When Francis was 13, around the year 1429, he made a pilgrimage to Rome and Assisi with his parents. He was so impressed that he eventually became a hermit in a cave overlooking the sea. Other men joined him.
They took the name Hermits of Saint Francis of Assisi and followed the practices of the Franciscans, or the Franciscan Minim Friars. Minim meant they were “the least in the household of God.” To the vows of poverty, chastity, and obedience, Francis added a fourth vow: a perpetual Lenten feast. This order attracted many candidates.
Francis later felt God calling him to defend those who were poor and oppressed. He scolded King Ferdinand of Naples and his sons for their wrongdoing. In 1482, when King Louis XI of France was dying, he begged that Francis come to cure him. Francis at first refused, but Pope Sixtus IV ordered him to care for the king and prepare him for death. When the king saw Francis, he pleaded for a miracle. Francis rebuked him, saying that the lives of kings are in the hands of God. Francis restored peace between France and Great Britain and between France and Spain.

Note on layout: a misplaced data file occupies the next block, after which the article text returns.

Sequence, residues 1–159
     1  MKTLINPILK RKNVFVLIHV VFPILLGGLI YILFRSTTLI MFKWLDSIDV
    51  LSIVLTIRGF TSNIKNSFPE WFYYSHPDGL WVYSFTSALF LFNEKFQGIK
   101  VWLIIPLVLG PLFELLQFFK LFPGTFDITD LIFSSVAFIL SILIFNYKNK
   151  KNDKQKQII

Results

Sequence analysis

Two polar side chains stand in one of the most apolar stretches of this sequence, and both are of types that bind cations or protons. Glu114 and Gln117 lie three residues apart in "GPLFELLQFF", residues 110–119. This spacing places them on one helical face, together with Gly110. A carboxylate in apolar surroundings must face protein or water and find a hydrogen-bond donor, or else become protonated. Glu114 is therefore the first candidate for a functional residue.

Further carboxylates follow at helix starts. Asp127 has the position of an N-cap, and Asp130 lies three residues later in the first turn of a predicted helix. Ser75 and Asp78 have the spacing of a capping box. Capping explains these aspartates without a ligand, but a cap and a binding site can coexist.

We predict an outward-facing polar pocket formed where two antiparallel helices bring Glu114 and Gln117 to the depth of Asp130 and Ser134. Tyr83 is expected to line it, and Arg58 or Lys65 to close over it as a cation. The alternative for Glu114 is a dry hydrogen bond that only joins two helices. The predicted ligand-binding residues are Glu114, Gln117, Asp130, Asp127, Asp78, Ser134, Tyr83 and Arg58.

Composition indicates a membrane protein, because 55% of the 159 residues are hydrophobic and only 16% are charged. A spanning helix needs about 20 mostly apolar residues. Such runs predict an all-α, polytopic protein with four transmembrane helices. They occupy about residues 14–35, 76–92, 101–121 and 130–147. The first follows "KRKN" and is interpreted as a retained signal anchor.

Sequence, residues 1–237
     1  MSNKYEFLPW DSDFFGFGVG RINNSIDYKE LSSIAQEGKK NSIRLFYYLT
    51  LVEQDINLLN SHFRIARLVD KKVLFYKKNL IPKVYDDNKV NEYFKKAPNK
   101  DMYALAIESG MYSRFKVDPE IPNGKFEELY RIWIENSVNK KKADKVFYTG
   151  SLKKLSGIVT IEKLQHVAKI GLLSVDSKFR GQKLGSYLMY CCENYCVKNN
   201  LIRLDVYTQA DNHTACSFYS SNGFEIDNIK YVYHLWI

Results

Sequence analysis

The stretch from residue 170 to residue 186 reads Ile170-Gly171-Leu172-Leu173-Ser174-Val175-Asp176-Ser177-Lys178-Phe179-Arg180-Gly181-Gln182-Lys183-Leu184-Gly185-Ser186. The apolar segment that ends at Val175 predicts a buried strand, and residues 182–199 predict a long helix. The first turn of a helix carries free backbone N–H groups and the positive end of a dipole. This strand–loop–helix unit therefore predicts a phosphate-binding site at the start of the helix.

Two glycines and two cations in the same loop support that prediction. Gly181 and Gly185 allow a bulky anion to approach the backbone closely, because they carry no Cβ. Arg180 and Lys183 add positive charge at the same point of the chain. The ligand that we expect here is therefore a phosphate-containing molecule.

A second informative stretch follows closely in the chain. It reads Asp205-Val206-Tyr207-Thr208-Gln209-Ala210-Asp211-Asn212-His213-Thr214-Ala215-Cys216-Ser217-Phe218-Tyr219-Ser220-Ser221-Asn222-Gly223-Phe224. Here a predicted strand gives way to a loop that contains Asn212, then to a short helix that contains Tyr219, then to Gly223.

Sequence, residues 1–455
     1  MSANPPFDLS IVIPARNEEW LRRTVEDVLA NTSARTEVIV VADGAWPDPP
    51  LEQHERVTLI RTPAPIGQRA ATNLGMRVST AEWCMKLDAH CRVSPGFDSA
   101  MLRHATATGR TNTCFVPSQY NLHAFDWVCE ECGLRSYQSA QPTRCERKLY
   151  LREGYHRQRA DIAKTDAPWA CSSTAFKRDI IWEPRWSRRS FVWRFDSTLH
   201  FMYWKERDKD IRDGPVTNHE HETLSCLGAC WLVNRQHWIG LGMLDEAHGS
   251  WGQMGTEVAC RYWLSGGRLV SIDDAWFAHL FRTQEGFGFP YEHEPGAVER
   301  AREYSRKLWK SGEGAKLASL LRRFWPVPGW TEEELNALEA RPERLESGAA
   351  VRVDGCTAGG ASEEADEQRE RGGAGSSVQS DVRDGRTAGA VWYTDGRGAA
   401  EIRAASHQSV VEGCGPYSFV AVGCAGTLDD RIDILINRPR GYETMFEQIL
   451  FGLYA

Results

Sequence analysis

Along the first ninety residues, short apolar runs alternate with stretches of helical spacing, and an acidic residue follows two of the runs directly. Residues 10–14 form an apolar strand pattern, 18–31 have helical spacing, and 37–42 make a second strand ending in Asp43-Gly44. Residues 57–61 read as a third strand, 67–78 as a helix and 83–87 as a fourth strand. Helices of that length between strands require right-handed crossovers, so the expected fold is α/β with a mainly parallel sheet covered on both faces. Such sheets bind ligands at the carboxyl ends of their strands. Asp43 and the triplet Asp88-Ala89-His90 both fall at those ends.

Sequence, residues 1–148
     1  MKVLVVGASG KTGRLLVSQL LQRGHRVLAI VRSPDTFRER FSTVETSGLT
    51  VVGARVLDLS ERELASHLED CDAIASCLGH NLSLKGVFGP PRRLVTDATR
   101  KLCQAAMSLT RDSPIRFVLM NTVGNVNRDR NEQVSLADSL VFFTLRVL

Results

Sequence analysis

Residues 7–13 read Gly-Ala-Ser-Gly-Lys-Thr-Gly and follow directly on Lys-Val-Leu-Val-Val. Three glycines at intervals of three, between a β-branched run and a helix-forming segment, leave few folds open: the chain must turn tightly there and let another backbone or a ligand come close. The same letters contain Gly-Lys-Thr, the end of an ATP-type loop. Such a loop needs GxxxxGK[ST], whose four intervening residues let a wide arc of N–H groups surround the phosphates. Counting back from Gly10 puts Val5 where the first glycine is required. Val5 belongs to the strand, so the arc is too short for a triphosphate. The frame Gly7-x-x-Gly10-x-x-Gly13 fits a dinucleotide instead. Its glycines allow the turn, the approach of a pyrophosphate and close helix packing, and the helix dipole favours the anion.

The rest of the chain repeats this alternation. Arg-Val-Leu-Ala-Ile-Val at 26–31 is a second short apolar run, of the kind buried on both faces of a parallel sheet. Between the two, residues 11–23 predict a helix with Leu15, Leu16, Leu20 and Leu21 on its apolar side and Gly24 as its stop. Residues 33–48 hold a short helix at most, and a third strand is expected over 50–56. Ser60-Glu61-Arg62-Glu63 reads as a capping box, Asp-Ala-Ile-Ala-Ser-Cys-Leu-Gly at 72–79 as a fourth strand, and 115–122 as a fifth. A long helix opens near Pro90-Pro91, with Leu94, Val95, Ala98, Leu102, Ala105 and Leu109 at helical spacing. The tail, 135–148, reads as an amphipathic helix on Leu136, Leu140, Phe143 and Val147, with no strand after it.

Francis died in the French court. Though his miracles were numerous, he was canonized for his humility and discernment in blending the contemplative life with the active one.
Tell the students that on Fridays, they can either abstain from meat or perform some other penance. Recommend that they give up snacks between meals one or two days a week.
Remind the students that no matter how busy their day is, they should still pray.
Image credit: Francis of Paola by Marco Pitteri, unknown date. Public Domain via Wikimedia.